OPINION: Move threatens burial customs

Phiri Cawe

If you’re a soccer fan, you’ll know how much heartbreak an own goal can cause.

In Colombia, Andrés Escobar paid with his life when he scored an own goal in the 1994 World Cup as he tried to stop a cross ball. The Colombian captain was subsequently shot dead by a soccer-mad individual who felt Escobar had failed not only the national team, but his entire country.

Closer to home, our own Pierre Issa scored two own goals – in one the World Cup, nogal.

And in my opinion, the Western Cape scored an own goal of a different kind when it entered into an agreement with the Eastern Cape recently to restrict the transportation of bodies of people who died from Covid-19 between the two provinces.

How on earth could the Western Cape agree that people from the Eastern Cape who die here, should be buried here when we are already facing a severe shortage of burial space?

In recent media reports, Eastern Cape Premier Oscar Mabuyane is quoted as saying that funerals and the transportation from the Western Cape, of those who died of Covid-19 are a major cause of the increasing number of infections in the Eastern Cape.

I feel that Western Cape Premier Alan Winde should consider revisiting that agreement.

Had he proposed that, you can guess what would have happened. The whole country would now be on his case and that of the Democratic Alliance, which he represents.

But it seems people are okay with the idea because the proposal came from the Eastern Cape premier.

Why did Mr Winde allow himself to be bullied that way – or does he really believe that the Western Cape is responsible for the increase in the number of Covid-19 infections?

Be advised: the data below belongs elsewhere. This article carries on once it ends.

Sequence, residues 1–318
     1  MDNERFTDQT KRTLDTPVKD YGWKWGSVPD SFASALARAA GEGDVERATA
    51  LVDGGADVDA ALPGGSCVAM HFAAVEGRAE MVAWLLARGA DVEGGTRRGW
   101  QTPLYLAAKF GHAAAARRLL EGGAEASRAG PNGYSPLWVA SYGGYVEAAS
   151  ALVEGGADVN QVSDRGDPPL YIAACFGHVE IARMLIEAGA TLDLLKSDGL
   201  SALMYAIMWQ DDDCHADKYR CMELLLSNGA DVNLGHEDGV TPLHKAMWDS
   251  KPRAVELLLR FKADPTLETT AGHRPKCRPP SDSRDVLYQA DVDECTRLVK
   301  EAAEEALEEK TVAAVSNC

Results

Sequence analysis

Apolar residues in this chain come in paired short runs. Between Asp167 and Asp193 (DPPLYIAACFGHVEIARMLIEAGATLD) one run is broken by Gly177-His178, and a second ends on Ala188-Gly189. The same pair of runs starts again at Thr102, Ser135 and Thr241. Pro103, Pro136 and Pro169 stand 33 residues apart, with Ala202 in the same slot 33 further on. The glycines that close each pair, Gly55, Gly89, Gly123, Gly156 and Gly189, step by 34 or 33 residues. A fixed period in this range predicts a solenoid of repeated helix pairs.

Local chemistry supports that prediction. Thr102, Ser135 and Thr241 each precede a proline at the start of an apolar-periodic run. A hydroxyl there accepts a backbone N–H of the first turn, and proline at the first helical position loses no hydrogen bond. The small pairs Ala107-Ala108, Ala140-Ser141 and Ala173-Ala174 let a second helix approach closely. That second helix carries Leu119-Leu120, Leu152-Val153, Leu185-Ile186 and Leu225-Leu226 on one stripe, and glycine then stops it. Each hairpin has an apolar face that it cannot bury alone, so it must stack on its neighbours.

How did he allow Mr Mabuyane to use the “Covid-19 scapegoats” instead of educating the man?

I hear there is talk of allowing families who have buried their loved ones in the Western Cape, to exhume the bodies after the threat of the Covid-19 pandemic has passed.

But who knows when that will be? And how will poor families afford the process of exhuming and transporting bodies back to the Eastern Cape?

Instead of fighting the common enemy – Covid-19 –
Mr Mabuyane has been pointing fingers at the Western Cape. And to support his proposal that the transportation of bodies between the two provinces not be allowed, he drew reference to soldiers who die at war and are buried where they die. He forgets that we are not at war – and overlooks the fact that he is threatening the customs associated with death and burials.

Black people don’t just bury someone. There are practises done irrespective of whether one died of Covid-19 or in a car accident. Who is he to proclaim that people should be buried in eKapa? One wonders if this applies to all other provinces.

Will those who passed on in those provinces be buried there too? We’ll have to wait and see.

Lafa izwe lakowethu. What amazes in this whole situation is the quietness of all political parties. Do they agree with this? What about the traditional leaders?

The Mabuyane team won the game in the referee’s added time. Let’s see how is it going to celebrate the win going forward.